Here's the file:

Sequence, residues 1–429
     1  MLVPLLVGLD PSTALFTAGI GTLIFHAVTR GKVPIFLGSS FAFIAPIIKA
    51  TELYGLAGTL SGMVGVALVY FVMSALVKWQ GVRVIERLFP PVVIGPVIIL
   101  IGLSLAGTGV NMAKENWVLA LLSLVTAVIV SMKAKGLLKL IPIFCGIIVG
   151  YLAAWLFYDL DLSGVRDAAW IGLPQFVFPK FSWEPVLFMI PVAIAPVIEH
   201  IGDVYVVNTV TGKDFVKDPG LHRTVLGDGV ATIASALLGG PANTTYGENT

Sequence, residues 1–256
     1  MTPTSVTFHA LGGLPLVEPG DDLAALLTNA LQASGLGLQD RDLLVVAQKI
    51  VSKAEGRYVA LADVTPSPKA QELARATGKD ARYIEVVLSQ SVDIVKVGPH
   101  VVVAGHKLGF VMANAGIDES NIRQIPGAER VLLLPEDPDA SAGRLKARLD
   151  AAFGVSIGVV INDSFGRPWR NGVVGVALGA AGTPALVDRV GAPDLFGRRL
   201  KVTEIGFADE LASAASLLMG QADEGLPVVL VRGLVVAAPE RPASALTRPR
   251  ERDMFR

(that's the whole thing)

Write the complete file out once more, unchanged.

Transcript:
Sequence, residues 1–429
     1  MLVPLLVGLD PSTALFTAGI GTLIFHAVTR GKVPIFLGSS FAFIAPIIKA
    51  TELYGLAGTL SGMVGVALVY FVMSALVKWQ GVRVIERLFP PVVIGPVIIL
   101  IGLSLAGTGV NMAKENWVLA LLSLVTAVIV SMKAKGLLKL IPIFCGIIVG
   151  YLAAWLFYDL DLSGVRDAAW IGLPQFVFPK FSWEPVLFMI PVAIAPVIEH
   201  IGDVYVVNTV TGKDFVKDPG LHRTVLGDGV ATIASALLGG PANTTYGENT

Sequence, residues 1–256
     1  MTPTSVTFHA LGGLPLVEPG DDLAALLTNA LQASGLGLQD RDLLVVAQKI
    51  VSKAEGRYVA LADVTPSPKA QELARATGKD ARYIEVVLSQ SVDIVKVGPH
   101  VVVAGHKLGF VMANAGIDES NIRQIPGAER VLLLPEDPDA SAGRLKARLD
   151  AAFGVSIGVV INDSFGRPWR NGVVGVALGA AGTPALVDRV GAPDLFGRRL
   201  KVTEIGFADE LASAASLLMG QADEGLPVVL VRGLVVAAPE RPASALTRPR
   251  ERDMFR